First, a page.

Joe Starks symbolizes for Janie the horizon that Zora Neale Hurston references throughout the novel. The horizon, the farthest point one can see, is a place that holds Janie's hopes and dreams.
In her first marriage to Logan Killicks, Janie is isolated on Logan's farm and is expected to labor in the fields with him all day. At night, when Janie looks at Logan in their bedroom, she is put off by his old age age and dirty feet. She does not find in Logan the "bee to her blossom" that she thought nature had promised her when she had her sexual awakening at the age of sixteen.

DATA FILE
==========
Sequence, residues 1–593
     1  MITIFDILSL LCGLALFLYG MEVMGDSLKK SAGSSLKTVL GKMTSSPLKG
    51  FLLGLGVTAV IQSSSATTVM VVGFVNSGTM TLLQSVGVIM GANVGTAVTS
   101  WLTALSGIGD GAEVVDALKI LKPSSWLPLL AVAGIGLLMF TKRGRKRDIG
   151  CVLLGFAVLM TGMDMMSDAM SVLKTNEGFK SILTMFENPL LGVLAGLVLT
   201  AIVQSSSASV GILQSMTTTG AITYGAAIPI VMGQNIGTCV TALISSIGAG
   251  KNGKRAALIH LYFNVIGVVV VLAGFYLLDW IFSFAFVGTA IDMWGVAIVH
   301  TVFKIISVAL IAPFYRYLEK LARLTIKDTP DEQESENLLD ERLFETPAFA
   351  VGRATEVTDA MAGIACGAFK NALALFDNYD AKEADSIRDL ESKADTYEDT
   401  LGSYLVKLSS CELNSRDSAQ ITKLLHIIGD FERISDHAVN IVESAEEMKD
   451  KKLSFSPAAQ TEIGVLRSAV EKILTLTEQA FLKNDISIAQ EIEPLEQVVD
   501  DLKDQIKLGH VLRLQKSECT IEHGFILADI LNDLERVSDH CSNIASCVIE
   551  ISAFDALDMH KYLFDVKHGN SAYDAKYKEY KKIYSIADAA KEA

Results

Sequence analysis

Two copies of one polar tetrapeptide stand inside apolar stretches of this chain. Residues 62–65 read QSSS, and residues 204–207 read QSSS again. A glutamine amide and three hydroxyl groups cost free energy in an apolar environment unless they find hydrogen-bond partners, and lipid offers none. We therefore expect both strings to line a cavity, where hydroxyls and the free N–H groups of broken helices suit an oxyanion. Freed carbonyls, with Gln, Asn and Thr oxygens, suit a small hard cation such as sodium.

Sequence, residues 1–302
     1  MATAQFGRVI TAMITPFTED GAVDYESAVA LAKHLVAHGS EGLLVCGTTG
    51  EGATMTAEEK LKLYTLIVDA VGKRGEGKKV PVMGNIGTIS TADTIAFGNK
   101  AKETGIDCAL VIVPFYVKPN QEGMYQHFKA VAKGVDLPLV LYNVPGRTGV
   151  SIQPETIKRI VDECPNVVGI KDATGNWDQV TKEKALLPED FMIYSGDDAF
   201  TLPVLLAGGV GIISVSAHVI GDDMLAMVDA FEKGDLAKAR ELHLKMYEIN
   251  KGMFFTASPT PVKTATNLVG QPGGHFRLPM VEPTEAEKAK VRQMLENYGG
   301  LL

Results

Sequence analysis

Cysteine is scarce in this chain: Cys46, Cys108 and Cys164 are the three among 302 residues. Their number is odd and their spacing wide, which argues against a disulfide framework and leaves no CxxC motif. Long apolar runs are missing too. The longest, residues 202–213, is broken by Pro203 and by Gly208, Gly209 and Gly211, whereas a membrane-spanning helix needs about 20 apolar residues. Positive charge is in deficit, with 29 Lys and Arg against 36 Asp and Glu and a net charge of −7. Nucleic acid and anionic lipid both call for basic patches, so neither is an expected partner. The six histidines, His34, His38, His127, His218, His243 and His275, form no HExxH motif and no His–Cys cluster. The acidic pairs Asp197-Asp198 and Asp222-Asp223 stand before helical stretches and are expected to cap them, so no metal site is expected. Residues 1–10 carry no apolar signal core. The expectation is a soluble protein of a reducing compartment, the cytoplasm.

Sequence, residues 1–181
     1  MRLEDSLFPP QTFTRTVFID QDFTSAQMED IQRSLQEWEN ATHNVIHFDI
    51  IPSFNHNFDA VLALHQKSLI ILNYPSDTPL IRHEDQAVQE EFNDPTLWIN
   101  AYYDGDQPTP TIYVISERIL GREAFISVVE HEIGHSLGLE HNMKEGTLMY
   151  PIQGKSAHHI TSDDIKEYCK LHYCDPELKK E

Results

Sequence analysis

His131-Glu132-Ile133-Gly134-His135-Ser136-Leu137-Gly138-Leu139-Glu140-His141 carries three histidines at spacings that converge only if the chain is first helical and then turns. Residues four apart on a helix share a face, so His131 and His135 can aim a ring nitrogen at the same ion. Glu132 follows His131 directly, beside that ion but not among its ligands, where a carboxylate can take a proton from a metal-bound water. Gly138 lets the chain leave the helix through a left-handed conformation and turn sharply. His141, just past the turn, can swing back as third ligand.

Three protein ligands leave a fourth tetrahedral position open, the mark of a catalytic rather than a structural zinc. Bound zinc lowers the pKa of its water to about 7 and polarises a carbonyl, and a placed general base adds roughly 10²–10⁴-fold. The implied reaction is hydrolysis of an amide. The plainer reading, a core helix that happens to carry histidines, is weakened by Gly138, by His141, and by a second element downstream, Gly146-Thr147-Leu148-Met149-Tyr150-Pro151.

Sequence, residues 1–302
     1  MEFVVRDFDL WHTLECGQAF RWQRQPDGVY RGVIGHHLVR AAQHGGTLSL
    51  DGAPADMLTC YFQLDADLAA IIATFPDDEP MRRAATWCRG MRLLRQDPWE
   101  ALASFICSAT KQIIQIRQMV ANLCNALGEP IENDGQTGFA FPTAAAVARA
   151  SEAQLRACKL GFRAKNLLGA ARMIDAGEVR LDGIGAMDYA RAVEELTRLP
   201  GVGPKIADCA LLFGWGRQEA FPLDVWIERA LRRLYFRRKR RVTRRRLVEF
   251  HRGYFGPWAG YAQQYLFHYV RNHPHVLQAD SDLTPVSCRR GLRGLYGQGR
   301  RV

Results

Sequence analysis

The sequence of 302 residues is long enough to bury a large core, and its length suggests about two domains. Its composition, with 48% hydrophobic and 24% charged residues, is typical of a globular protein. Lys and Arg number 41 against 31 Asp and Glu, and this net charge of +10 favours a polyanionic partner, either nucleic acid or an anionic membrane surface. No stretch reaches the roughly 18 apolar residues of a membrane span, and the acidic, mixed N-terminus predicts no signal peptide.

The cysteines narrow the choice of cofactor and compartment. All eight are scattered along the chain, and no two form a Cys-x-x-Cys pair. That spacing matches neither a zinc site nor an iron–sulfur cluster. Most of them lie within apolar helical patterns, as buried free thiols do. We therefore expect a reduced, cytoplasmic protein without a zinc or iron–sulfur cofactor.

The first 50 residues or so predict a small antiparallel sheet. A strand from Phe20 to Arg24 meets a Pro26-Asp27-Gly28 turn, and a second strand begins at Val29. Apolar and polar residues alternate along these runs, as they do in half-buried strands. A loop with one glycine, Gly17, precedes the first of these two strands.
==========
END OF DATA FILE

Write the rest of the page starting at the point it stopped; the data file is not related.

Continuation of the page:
Joe Starks meets Janie as she labors on Logan's farm and promises her that she'll never have to work like that again if she leaves with him. Joe is younger, "cityfied," well-mannered, and very ambitious. He tells of his plans to incorporate Eatonville as the first all-black town in America. Joe symbolizes to Janie a broader horizon and expanded dreams. She cannot wait to start a life with him and escape the confines of Logan's farm.
Once in Eatonville, however, Joe begins to control Janie and isolate her from her friends. And although Joe promised Janie an easier working life, she works tirelessly for the general store that Joe built in Eatonville. Their marriage wears away in misery for almost twenty years. The horizon that Joe represented was not as expansive and far-reaching as Janie originally thought.